Antitrust criminal liability for HR Professionals and Companies
Finding good talent is not an easy task for any employer. This problem is made worse in communities such as Sioux Falls, with low unemployment causing fewer people to look for new work. Once an employer successfully finds a quality employee, it’s understandable for the company to take measures to keep that employee. However, sometimes these measures create worse problems than they solve. If competitors agree to pay their respective employees the same wage or agree to not solicit workers from each other, they could run into serious federal antitrust concerns.
Federal antitrust law is intended to maintain competition in the marketplace. Since the passing of the Sherman Act in the late 19th century, federal antitrust law has largely pursued large companies agreeing to fix prices of goods to maximize profits and thus harm consumers. But price fixing is not limited to goods, as agreements between employers to fix the wages of their workers or agreements to not hire employees of other companies also violate the Sherman Act and can bring federal regulators down upon employers.
Efforts to penalize wage fixing have increased in the past few years. At the end of the Obama administration, the Department of Justice issued detailed guidance to HR professionals regarding how the DOJ and the Federal Trade Commission view wage-fixing and no-poaching agreements. In a substantial policy shift, the agencies revealed they would begin pursuing criminal charges under the Sherman Act against companies and individuals engaging in such behavior. Criminal penalties can be severe — companies can be fined up to $100 million, while individual employees instituting such agreements can be fined up to $1 million and can serve up to 10 years in federal prison.
Under a new presidential administration, there were questions about whether the increased scrutiny of these types of arrangements would continue. However, the DOJ and FTC under President Trump have made clear the agencies’ intentions to continue to fervently prosecute these agreements. The agencies announced earlier this year a new wave of enforcement actions against employers regarding no-poaching agreements. Despite the change in administrations, the antitrust risk for employers does not appear to be subsiding anytime soon.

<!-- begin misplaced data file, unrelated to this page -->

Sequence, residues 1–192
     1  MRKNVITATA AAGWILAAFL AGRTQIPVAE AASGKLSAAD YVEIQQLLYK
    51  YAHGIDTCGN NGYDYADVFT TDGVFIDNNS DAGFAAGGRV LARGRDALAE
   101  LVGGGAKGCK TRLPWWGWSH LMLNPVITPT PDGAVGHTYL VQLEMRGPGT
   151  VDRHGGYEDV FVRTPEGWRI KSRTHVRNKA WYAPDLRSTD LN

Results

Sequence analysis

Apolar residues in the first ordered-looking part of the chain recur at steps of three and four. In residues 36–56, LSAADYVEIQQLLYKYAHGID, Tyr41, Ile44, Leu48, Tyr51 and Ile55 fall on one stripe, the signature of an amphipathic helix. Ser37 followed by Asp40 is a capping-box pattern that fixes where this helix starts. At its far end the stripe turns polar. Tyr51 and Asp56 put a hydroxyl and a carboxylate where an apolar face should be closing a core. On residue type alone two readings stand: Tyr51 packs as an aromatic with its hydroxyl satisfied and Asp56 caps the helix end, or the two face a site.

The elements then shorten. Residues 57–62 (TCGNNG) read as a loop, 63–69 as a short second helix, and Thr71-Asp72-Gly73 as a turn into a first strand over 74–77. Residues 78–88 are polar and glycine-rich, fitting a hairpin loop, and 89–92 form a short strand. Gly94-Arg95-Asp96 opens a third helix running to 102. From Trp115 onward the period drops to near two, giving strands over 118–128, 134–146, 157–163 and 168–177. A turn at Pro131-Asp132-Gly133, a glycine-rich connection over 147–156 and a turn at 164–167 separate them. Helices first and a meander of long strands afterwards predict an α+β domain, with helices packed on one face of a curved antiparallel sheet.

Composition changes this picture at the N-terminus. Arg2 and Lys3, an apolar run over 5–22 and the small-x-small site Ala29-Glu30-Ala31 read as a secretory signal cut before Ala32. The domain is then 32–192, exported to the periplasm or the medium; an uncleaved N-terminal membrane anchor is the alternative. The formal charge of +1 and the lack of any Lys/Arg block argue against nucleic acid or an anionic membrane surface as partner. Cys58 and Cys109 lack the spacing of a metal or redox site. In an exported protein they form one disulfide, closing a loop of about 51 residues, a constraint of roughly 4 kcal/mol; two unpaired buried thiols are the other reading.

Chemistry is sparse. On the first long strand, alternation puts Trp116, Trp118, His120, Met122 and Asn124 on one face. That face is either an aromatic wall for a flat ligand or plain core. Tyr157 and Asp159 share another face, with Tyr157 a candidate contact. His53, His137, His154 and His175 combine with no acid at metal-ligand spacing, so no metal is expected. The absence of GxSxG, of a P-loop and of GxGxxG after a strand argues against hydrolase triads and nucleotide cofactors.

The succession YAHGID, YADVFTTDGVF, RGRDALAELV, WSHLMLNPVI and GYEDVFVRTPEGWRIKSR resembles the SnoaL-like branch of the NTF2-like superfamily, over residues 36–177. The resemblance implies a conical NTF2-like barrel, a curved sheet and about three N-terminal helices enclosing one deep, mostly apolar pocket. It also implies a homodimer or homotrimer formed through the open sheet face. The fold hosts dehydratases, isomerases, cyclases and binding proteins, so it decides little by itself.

Health care HR professionals should take particular care to ensure compliance in this area. With strong competition for nurses, some health care facilities have attempted to engage in these kinds of agreements to keep good employees. The results have been disastrous in some cases. Health care institutions in the Detroit area shared various employment and wage information of their nurses, resulting in a $90 million class action settlement in favor of the nurses.
Normally, Sherman Act violations require that an anti-competitive effect be shown before the DOJ will pursue penalties, but the agency considers the kind of wage-fixing and no-poaching agreements found in Detroit to be “per se illegal,” meaning the DOJ will pursue harsh penalties regardless of any anti-competitive effect the agreement has.
Antitrust compliance is likely not something at the forefront of most HR professionals’ minds, but ignoring it can be risky. Employers should analyze any agreements or policies regarding sharing of wage information with competitors or policies not to poach competitors’ employees. These agreements need not be formal or written contracts, as even informal policies of sharing compensation information can give rise to investigations by the DOJ or FTC and can be used as evidence of implied agreements to harm competition. Even if an investigation finds the policy to be in compliance, the process of the investigation itself is a less than enviable position to be in for employers. Employers should work with counsel and human resources professionals to mitigate the risk of noncompliance.